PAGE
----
Tuesday, April 14, 2015

M-STEP and opting out

Michigan has a new standardized test this year--the M-STEP.  There is a lot to be said about standardized testing and the high-stakes associated with it.  We hope to talk to you more about that in the future.  For now, since M-STEP testing is nearly upon us in Okemos, we thought we would share the option of opting out.

Your children are not required to take the M-STEP test if you opt them out of it.  In theory, the federal No Child Left Behind Law threatens consequences for schools where less than 95 percent of kids take a standardized test.  However, changes to the law have essentially made that requirement irrelevant.  Fairtest.org, Sept. 15, 2014.

Across the country, parents are increasingly opting their kids out of the test in numbers far greater than five percent.  In New York, last year more than 60,000 kids opted out of the test, and that number is expected to grow this year. The Buffalo News, April 14, 2015.  In West Seneca near Buffalo, 2,074 of 2,976 eligible students refused testing.  Id.  In another district, 1,534 of 2,740 eligible students opted out.  WGRZ.com, April 11, 2015.  Here in Michigan, some parents are opting out in Grand Ledge.  WILX.com, April 14, 2015.  Further, some parents are opting out here in Okemos.  In particular, Michigan State University Professor Mitchell Robinson, who has written on this blog before, and his wife opted their children out.  He wrote on his blog about the ease of opting out and the painless response from the district:

Having read and heard about much more hostile responses from schools around the country to similar requests, we were both relieved and encouraged by our school's reply. Not only was our request for our child to opt out greeted with respect, but provisions for our son's attendance on those days when the test was scheduled were provided without argument or hassle. The approach was understanding, positive and student-centered--everything we have come to expect from our school district.
I also believe that this response is an indication of a tipping point of sorts when it comes to the issue of opting out and school testing. More and more, teachers and administrators are understanding the negative impact of these tests on students, teachers and schools, and are joining the fight with parents and other groups advocating for a reduction in the number and uses of these tests. [wwwmitchellrobinson.net, March 25, 2015.]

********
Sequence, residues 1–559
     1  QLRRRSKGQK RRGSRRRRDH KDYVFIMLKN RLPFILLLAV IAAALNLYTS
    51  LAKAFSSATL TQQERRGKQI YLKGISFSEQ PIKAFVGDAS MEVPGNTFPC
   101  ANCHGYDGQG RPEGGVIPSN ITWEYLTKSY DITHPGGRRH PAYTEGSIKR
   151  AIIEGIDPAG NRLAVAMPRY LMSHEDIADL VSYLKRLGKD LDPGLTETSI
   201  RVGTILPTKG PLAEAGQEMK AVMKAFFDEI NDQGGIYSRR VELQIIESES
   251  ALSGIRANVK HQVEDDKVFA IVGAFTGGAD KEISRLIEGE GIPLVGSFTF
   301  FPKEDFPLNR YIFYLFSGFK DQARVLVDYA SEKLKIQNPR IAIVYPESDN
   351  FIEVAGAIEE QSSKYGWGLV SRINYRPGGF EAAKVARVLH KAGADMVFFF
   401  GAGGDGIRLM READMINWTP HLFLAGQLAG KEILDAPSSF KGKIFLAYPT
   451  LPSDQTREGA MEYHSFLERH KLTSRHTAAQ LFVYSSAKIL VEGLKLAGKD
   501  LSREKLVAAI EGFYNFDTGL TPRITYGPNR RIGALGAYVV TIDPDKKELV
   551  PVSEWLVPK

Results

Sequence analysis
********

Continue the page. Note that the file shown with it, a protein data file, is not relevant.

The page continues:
It's worth noting that the M-STEP is considerably different from the MEAP you took as a child.  The test is taken on computers, and the questions are of a very different format and content.  You can see sample questions here: Michigan Department of Education.

If you choose to opt out, you should be able to accomplish it with a phone call or letter to your school.  Sample letters can be found  at United Opt Out Michigan.

Mitchell Robinson - Pull the plug on standardized testing.

By Mitchell Robinson

As a parent, I sit down and talk to my children's teachers at least twice per year at parent-teacher conferences about their work in school, and receive regular updates about their academic, social and musical development.
Mitchell Robinson

I check their homework, help them with projects and talk to them about their studies every day.

I can check their grades online any time of the day or night.

I attend their soccer games, band concerts, piano recitals, and school events, so that I know not just what they are doing, but have the chance to meet their friends and their friends' parents--many of whom have become good friends.

As a teacher, I engage in continuous formative assessment, tracking my students' progress as learners, and using the information gathered to improve my practice as a teacher.

I provide formal and informal updates on my students' development, and offer mentoring and guidance whenever asked--and often when not asked.

I know my students as persons--their strengths and challenges, their goals, their aspirations--and am fully committed to helping them achieve their dreams.

Why would I need standardized tests to tell me anything about my children, or my students when I already know so much about them?

The only purpose for these tests is to evaluate teachers and schools--even though we know that these tests are neither valid or reliable for those specific purposes--and to make millions of dollars in profits for the corporations that develop them.

Stop the madness. Let kids learn. Let teachers teach.

Pull the plug on standardized testing.

Mitchell Robinson is associate professor and chair of music education at Michigan State University. Prior to his current position, Dr. Robinson taught music for 10 years in the Fulton (NY) City School District, and held collegiate appointments at the University of Connecticut and the Eastman School of Music. Dr. Robinson recently concluded a term as Academic Editor of the Music Educators Journal, and has served on the editorial boards of the Journal of Music Teacher Education, Arts Education Policy Review, the Bulletin of the Council for Research in Music Education, the International Journal of Education and the Arts, and Research Issues in Music Education. His research is focused on education policy and the mentoring and induction of new music teachers.